Assessing community perception and attitude towards flooding in the Lower Benue River Basin, Nigeria

Emmanuel U. Unaegbu, Keith Baker

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    In the Lower Benue River Basin, the majority of the population derives their livelihood from subsistent farming and fishing. With climate change expected to result in increased flooding, the impacts on these poor rural farmers will be significant and since adaptation is not cheap, prioritizing responses by sectors becomes essential. Such an analysis can bring to the fore the sectors that are most affected and by implication sectors of importance to the community.
    Two communities: Wadata and Anyim were selected for survey. Health, housing, agriculture, economic activities, transportation and water are the sectors evaluated. Results reveal agriculture; housing; and economic activities as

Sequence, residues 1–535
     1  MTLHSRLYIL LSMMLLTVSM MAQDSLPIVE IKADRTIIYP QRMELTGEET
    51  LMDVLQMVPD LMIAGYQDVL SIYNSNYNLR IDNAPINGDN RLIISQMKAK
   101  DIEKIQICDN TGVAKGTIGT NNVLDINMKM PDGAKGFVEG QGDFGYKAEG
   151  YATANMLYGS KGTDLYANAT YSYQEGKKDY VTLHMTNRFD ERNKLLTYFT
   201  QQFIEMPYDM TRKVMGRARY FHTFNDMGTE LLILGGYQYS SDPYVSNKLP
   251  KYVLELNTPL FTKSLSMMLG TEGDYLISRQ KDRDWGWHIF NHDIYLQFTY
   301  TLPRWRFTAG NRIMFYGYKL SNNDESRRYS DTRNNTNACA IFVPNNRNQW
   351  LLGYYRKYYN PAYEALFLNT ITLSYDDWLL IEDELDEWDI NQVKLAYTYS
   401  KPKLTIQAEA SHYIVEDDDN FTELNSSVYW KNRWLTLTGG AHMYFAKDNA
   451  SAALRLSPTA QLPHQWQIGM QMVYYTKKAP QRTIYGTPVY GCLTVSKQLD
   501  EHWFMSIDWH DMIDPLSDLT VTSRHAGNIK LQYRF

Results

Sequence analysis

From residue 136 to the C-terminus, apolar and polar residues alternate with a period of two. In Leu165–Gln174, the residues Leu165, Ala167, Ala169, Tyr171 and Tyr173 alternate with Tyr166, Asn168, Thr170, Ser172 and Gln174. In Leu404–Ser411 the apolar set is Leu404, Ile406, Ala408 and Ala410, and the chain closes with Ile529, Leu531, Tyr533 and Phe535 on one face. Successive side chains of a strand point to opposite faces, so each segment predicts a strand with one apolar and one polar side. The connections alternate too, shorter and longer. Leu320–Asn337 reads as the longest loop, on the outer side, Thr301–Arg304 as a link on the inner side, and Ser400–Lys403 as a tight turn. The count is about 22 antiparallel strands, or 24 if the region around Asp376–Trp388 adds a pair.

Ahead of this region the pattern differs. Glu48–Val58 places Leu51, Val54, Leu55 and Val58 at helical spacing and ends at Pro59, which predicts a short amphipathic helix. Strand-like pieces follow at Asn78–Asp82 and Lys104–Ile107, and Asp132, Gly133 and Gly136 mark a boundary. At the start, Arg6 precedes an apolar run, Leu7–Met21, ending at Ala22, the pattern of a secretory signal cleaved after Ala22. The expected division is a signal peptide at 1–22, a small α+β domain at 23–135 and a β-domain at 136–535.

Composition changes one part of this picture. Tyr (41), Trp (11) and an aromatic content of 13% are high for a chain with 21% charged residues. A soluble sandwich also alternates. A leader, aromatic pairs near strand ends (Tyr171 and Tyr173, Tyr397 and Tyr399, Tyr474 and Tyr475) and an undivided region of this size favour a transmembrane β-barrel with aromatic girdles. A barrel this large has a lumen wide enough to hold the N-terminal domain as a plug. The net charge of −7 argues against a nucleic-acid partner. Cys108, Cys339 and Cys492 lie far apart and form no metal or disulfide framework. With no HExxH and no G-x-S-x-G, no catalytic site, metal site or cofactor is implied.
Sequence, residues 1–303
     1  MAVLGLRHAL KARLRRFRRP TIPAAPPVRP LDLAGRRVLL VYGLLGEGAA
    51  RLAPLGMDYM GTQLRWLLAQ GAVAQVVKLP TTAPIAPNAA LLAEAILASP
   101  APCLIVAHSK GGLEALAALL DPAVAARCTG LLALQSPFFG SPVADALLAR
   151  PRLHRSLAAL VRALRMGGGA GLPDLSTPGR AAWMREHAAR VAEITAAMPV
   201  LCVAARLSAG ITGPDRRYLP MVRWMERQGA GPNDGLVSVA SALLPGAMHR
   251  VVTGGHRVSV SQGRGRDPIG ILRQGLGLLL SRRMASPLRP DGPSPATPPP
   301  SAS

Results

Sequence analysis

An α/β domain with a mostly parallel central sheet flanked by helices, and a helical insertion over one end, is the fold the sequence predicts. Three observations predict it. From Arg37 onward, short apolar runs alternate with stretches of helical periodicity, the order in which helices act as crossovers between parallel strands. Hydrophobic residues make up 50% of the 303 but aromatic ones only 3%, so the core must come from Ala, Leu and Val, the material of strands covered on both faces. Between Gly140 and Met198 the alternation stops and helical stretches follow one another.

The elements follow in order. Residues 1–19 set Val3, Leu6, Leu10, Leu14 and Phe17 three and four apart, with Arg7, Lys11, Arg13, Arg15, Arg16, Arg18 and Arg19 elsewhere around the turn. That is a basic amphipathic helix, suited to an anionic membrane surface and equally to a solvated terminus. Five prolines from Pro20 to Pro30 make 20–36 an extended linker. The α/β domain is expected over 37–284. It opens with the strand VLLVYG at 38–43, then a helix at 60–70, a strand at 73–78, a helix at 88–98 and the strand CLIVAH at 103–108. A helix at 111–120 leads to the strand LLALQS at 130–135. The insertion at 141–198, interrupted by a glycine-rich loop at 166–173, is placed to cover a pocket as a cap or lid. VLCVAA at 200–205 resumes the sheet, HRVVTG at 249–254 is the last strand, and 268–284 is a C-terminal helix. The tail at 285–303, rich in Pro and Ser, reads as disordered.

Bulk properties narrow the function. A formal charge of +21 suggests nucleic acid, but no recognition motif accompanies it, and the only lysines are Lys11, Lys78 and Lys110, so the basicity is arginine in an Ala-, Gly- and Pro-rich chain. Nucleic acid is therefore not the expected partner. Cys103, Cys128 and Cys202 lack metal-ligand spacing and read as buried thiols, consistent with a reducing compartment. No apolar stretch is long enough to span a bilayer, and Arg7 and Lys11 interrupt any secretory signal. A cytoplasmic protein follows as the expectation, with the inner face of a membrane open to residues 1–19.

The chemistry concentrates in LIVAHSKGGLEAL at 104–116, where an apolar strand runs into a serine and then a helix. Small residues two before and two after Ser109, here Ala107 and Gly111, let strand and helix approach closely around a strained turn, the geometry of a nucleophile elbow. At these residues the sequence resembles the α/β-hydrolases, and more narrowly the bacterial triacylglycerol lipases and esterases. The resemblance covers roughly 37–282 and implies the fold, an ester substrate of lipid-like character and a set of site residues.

the worst affected sectors. In furtherance, we argue that prioritization of adaptation by sectors can provide immediate relief for victims. Vulnerability in the region is exacerbated by ‘late’ and ‘historic incorrect’ environmental
    change communication. Household insurance is non-existent and somewhat non-customary thus, financial adjustments are presumably made with household savings or assets disposal.
    Original languageEnglish
    JournalJournal of Earth Science and Climatic Change
    Issue number206
    Early online date13 May 2014
    Publication statusPublished - Jul 2014


    • flooding
    • Lower Benue River Basin
    • Nigeria
    • climate change


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